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Often photographers who want to learn to use Adobe Photoshop just dive in and figure out how to do what they need to do. This is all well and good, but with this approach you're likely to miss out on features that could help you, ways of working more efficiently, and an overall understanding of how Photoshop works. In this course Tim Grey takes you systematically through Photoshop's interface and tools, then shows you how to make basic adjustments and output your work for sharing. Whether you've been using Photoshop for a little while or you're just getting started, this workshop will make sure you always know where you are and where you're headed.
Photo Shop, of course, is a very powerful application, and that means there's a lot going on. There are many different options in terms of the tools we can use, the commands we can apply, generally just the things we're able to accomplish with our photographic images. And of course, that means there's going to be a lot of options in terms of the Photo Shop interface itself. So let's take a moment to get to know the Photo Shop interface so you will be more familiar with how Photo Shop works, and where to find things when you need them. Of course, Photo shop is dominated by a space devoted to the photographic image or images that you're currently working on.
Here I have a photo open and you can see it consumes most of the available space. And that's as far as I'm concerned exactly as it should be. We're working on our photo and that should be our focus. The tools are just there to help us do something to the photo, and most of the time we want to pay attention to the photo itself. At the top of the Photo Shop interface, you'll find the menu bar. And this is where you can find a variety of commands that allow you to do things with your photos. For example, on the file menu you can create a new document, you can open an existing photo, you can close the current photo, or save changes to the image you're currently working on.
Generally speaking, most of the things you're able to do in Photo Shop you can find on one of the menus. Of course, there are other ways to access most of these features, for example there are keyboard shortcuts that you can use and there are other buttons and options available to you. Below the menu bar you'll find the options bar. And the options bar is context sensitive. What that means is that the contents of the option bar change, based on which tool is currently active. Those tools are found in the toolbox over on the left side of the Photo Shop interface.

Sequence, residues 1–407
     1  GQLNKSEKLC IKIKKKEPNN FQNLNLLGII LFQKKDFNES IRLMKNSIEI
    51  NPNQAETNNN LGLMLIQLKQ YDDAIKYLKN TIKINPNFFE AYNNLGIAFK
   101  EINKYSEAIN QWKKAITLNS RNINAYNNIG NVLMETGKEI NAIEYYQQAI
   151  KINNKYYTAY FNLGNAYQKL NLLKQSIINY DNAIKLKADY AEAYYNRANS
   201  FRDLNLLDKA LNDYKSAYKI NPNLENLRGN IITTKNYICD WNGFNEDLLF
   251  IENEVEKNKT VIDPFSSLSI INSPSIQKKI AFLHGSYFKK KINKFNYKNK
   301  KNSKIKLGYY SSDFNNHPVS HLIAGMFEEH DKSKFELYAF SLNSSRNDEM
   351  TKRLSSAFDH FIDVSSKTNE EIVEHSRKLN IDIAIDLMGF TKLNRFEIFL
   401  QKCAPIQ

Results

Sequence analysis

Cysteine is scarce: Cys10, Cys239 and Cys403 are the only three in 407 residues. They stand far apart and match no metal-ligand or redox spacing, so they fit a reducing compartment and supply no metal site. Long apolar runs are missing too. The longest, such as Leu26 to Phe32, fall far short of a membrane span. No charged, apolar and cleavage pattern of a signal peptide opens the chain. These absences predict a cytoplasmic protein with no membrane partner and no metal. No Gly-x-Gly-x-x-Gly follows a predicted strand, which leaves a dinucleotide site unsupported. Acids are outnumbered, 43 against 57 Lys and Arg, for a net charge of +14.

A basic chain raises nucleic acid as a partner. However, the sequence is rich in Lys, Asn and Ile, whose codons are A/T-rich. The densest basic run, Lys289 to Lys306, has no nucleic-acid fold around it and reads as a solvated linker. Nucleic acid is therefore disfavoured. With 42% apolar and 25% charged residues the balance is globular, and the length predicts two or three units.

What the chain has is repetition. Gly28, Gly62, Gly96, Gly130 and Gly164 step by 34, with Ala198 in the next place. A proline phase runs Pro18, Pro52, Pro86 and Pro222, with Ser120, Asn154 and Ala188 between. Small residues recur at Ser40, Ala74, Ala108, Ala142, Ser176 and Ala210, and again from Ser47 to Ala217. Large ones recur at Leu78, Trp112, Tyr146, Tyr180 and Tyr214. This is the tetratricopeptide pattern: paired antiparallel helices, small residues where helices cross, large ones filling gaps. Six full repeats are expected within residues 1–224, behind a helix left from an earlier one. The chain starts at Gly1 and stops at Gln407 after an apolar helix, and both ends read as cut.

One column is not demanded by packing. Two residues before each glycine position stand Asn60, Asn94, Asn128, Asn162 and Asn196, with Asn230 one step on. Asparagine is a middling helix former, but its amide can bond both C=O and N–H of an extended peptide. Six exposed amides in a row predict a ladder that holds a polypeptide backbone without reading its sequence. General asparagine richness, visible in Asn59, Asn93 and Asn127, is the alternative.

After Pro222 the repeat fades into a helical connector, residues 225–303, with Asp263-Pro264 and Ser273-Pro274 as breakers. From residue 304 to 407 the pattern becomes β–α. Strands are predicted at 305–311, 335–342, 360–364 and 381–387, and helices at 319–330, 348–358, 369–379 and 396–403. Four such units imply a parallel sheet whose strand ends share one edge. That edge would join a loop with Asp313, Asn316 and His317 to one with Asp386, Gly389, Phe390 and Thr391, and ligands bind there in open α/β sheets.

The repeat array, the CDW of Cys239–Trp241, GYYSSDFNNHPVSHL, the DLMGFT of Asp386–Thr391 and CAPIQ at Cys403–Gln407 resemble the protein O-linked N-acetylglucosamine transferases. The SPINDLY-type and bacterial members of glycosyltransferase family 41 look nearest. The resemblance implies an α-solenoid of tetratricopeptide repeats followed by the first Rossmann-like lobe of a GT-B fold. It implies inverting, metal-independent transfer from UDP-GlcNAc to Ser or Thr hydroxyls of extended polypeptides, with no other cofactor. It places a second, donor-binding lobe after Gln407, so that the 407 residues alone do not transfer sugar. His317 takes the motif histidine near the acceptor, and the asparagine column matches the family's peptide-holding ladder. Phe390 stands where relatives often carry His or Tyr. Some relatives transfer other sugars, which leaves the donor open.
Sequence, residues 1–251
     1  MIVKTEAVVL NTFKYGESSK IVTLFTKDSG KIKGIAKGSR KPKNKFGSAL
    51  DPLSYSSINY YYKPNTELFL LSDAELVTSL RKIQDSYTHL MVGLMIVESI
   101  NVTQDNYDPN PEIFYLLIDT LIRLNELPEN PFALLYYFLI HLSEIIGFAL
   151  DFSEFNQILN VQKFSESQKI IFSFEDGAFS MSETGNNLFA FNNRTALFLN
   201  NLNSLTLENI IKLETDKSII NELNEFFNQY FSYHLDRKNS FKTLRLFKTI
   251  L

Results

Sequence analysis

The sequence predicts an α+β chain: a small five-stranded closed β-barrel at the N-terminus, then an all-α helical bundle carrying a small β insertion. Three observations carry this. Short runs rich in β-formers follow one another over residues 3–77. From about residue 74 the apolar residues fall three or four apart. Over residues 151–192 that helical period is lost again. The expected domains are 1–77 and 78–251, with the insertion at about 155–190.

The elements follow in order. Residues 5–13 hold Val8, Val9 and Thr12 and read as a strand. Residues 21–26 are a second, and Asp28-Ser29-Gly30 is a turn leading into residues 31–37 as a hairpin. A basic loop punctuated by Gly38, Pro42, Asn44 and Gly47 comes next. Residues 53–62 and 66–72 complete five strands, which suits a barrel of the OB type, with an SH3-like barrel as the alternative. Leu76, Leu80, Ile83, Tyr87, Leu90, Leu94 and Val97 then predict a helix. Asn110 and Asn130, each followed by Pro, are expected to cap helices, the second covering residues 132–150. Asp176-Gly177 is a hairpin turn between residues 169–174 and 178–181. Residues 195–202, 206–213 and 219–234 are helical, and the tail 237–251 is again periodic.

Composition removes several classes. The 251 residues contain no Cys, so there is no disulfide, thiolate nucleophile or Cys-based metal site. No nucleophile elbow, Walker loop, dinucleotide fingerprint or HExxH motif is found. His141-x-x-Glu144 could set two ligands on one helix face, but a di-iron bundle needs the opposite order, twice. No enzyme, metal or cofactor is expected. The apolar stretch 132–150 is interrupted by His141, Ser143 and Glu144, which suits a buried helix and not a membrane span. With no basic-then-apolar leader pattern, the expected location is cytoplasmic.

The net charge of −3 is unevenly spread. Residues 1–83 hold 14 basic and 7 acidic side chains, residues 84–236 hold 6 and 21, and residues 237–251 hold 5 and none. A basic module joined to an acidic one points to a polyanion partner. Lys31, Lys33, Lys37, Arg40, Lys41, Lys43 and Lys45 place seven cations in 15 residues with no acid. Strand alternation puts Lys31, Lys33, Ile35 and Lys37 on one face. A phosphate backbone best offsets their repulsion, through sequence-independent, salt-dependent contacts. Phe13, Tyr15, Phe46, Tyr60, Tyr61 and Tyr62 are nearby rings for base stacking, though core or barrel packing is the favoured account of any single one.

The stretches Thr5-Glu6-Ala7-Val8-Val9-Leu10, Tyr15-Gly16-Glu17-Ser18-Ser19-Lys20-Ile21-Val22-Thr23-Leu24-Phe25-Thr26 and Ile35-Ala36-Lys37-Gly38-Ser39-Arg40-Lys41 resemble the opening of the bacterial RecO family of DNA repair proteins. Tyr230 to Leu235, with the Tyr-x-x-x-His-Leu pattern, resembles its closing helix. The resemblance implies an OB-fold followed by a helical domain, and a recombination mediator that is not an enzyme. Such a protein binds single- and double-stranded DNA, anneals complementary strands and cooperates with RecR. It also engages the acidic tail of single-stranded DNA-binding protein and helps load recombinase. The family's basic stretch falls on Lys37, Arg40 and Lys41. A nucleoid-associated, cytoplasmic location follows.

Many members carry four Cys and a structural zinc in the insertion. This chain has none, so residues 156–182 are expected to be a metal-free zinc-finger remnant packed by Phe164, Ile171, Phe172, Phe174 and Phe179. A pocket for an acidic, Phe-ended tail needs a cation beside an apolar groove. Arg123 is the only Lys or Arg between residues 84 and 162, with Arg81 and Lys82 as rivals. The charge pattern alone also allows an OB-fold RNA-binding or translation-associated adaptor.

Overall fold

Over on the far right of the Photo Shop interface you'll find some panels. And these contain various controls or information that can be helpful while you're working on your photos. The panels can be moved around, docked in different way, or even left floating. They're very customizable, which is great, because that means you can configure Photo Shop, in terms of the panels, to suit your particular work flow. In addition to the panels on the right side, it's also possible to have panels down at the bottom of the Photo Shop interface. You'll see for example that I have Minibridge and the Timeline down here.
I'll go ahead and drag those down to the bottom again though. We also have a status bar, which provides some additional information and options related to the photo we're working on, as well as the tab, for the current photo, which gives us information such as the file name of the image, as well as an X which we can click to close the current image. So that gives you a sense of the overall way the Photo Shop interface is organized. I hope this little guided tour helps you get a better understanding of where things are so that you'll be able to find the controls you need when you need them.
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